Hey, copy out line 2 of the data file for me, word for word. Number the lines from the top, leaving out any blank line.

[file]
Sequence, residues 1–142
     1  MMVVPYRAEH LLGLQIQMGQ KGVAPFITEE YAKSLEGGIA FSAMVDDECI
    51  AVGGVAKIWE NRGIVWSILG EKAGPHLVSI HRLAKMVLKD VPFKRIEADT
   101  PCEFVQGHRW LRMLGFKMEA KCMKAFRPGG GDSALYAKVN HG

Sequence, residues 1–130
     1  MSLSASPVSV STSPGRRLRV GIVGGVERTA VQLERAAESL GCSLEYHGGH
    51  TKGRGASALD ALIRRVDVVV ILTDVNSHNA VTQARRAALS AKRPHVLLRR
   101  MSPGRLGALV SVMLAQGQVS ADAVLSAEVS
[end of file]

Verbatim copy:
     1  MMVVPYRAEH LLGLQIQMGQ KGVAPFITEE YAKSLEGGIA FSAMVDDECI